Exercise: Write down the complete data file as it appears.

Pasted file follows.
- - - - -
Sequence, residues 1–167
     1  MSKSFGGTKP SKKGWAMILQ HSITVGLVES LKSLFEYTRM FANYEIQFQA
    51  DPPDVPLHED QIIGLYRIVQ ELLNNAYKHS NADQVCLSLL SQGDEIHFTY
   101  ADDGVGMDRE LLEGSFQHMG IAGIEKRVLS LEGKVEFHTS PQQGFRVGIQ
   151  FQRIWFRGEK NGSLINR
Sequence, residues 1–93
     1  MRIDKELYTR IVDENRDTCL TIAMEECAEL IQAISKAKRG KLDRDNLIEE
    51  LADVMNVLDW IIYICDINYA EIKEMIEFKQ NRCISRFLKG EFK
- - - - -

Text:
Sequence, residues 1–167
     1  MSKSFGGTKP SKKGWAMILQ HSITVGLVES LKSLFEYTRM FANYEIQFQA
    51  DPPDVPLHED QIIGLYRIVQ ELLNNAYKHS NADQVCLSLL SQGDEIHFTY
   101  ADDGVGMDRE LLEGSFQHMG IAGIEKRVLS LEGKVEFHTS PQQGFRVGIQ
   151  FQRIWFRGEK NGSLINR
Sequence, residues 1–93
     1  MRIDKELYTR IVDENRDTCL TIAMEECAEL IQAISKAKRG KLDRDNLIEE
    51  LADVMNVLDW IIYICDINYA EIKEMIEFKQ NRCISRFLKG EFK